Now let's think of something like a big, bright flashing light.

Big bright flashing lights get a lot of attention when they are not surrounded by other big bright flashing lights.

If you're walking around a pier in Turkey and all of the knock-off perfumes are starting to blend together, a flashing red arrow that says BAZAAR is going to get your notice.

Now put yourself in a casino.

The place is lit up like a bad Chevy Chase movie and no individual light is going to get your notice.

See what I'm saying here?

Attention is relative.

What works HERE does not necessarily work THERE.

“This tactic works all the time ” means “this tactic works all the time in Vacuum Land” and you'll want to be cautious about following that advice.

So what do you do?

We're going to do three things.

One, we're going to look at your inbox.

Two, we're going to look at someone else's inbox.

And three, we're going to look for patterns.


When you look at your own inbox, you're going to focus on what emails have been successful at getting YOUR attention. It's not perfect advice because you are probably not a representative sample of anything other than, well, you, but at least it shows a use case of someone who lives in the digital age.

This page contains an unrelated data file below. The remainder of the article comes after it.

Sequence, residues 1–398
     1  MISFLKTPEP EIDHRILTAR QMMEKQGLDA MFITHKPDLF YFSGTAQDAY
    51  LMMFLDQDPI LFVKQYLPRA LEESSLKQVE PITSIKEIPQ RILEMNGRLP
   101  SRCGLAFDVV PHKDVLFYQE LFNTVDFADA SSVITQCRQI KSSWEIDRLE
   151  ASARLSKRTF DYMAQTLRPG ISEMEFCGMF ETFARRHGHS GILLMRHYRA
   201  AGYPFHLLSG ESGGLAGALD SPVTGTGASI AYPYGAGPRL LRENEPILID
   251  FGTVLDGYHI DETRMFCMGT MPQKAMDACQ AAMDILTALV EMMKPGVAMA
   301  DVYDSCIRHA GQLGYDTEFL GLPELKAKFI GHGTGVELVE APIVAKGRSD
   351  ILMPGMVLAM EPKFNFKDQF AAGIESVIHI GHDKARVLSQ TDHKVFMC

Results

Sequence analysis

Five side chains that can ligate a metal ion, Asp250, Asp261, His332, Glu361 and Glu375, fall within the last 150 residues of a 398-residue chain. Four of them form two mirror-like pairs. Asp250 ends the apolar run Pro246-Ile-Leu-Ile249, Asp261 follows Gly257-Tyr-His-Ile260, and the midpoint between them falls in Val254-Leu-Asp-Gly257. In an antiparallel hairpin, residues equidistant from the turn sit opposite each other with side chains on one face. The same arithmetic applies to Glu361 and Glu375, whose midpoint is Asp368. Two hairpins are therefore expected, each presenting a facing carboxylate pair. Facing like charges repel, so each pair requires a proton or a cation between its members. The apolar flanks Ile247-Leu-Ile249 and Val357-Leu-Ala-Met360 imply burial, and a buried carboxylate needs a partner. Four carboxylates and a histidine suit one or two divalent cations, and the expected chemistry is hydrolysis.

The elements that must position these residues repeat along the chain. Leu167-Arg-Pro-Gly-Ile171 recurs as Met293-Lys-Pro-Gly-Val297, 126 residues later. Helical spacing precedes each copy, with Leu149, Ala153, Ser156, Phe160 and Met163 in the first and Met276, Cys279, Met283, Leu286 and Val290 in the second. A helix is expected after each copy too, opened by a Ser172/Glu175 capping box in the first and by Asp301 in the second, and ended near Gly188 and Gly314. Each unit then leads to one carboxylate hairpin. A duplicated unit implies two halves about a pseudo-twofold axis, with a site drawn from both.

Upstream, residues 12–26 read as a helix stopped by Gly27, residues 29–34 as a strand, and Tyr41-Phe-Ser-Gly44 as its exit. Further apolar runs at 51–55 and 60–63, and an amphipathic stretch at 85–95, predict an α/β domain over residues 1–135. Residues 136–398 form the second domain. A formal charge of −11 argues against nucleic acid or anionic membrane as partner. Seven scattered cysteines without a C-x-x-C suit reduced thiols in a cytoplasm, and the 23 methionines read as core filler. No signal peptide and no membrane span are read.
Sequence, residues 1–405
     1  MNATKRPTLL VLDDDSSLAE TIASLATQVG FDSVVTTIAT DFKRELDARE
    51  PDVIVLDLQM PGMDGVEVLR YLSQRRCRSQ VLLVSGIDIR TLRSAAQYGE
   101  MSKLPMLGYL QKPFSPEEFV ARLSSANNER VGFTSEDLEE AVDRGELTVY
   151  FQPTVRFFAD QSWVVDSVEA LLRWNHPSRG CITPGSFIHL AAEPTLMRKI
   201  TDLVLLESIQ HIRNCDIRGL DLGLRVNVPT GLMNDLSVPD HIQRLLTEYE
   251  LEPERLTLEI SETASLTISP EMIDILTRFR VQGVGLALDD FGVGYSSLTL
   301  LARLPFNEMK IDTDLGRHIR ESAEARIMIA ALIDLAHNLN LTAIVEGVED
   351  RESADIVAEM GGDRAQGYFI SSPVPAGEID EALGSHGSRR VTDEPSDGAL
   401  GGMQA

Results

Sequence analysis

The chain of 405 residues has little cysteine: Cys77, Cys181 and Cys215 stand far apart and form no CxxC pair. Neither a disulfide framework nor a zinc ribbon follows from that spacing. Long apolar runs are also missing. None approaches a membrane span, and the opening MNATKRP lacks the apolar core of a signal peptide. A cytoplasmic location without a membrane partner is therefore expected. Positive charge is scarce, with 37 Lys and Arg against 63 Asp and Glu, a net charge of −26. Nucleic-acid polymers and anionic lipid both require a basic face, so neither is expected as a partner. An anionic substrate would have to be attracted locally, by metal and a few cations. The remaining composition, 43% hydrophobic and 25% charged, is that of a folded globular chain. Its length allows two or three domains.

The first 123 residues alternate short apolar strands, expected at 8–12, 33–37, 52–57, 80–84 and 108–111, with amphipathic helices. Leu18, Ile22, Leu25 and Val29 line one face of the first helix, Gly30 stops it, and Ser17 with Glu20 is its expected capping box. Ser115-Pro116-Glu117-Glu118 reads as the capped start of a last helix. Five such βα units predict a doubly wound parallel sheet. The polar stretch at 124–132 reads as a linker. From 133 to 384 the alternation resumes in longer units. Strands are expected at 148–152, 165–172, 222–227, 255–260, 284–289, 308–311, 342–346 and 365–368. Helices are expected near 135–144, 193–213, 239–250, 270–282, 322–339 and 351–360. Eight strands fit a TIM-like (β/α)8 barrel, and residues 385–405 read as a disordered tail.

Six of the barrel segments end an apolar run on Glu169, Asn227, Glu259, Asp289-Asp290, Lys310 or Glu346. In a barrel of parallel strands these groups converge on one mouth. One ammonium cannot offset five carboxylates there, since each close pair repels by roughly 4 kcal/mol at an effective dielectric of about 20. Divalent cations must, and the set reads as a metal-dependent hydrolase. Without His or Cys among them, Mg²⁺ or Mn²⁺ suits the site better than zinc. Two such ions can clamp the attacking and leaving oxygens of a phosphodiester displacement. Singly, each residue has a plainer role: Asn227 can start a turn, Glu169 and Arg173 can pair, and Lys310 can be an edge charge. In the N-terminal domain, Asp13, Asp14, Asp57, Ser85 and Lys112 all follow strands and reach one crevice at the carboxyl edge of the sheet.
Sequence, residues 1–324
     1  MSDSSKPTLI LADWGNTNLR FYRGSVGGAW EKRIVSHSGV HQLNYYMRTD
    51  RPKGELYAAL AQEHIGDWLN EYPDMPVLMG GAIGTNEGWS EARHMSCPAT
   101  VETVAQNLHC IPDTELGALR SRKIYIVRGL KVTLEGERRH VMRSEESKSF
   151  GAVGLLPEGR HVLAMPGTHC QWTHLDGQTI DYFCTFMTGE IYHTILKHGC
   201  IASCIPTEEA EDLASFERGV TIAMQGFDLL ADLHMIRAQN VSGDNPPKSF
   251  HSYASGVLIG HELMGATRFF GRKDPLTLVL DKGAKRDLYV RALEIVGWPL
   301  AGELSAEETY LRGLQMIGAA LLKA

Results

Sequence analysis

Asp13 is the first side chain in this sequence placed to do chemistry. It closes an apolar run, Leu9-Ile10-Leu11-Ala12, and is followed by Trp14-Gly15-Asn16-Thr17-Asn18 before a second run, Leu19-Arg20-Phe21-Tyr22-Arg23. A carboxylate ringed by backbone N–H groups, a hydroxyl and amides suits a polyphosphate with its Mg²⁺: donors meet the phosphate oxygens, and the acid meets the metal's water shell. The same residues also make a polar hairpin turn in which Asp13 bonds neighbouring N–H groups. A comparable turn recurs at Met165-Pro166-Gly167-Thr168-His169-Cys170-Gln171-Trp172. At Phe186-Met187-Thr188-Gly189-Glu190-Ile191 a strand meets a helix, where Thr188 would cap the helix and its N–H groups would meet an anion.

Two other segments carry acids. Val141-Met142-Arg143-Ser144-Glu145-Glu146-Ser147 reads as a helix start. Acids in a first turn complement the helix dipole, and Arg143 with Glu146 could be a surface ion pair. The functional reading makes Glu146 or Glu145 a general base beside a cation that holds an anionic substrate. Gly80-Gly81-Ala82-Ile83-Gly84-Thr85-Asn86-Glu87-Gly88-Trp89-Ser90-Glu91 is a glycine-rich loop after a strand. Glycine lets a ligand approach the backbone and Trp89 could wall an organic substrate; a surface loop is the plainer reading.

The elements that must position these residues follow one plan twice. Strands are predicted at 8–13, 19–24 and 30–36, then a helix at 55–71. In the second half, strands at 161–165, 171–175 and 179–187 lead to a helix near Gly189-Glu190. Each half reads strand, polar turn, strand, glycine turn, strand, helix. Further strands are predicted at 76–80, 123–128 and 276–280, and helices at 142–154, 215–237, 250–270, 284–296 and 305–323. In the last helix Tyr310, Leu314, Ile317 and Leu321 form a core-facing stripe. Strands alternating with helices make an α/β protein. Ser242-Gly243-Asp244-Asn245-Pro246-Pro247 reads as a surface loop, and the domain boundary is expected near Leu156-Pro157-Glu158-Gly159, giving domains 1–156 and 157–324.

What we particularly want to look for here are:

Things that got your general attention,

Things that got your immediate attention,

Things that you don't even notice anymore because they're so overdone, and

Things that you do not pay attention to because you know it's going to be absolute garbage.

For the first two items, we're focusing on what turned your attention ON. For the second, we're looking for what didn't do it for you or, worse, killed the mood.


Find someone else and ask them to let you take a peek at their inbox.

At this point, we're only looking at subject lines, so you don't have to go rifling around their Frederick's of Hollywood receipts or anything.

Just see if you can get a look at what kind of emails they get and what kinds of emails are marked as read. This will tell you what worked, and you can get bonus points for peeking in their deleted folder and noticing what emails they deleted without even reading.


Take your notes from your foray into your inbox and your voyeuristic romp in their inbox, and start looking for any patterns you can recognize. The specifics of what patterns a person recognizes and how they go about recognizing them are unique from person to person, so the patterns you see are going to be different from the patterns I see or Dave sees or Jack sees.

But here are some things you might notice:

The use of your name The use of all-caps Sentence case Title case Urgency Numbers Questions Titles Lame attempts at intrigue, shock or surprise Use of humor

Take a look, and see what patterns you notice.

You'll probably also notice that a tactic used by someone you know and like is going to have a different effect on you than the same tactic used by someone you don't know or don't trust.

Ahh, good for you for noticing. That's part two of our AIDA quadrangle, Interest, and we're going to talk about that right over here.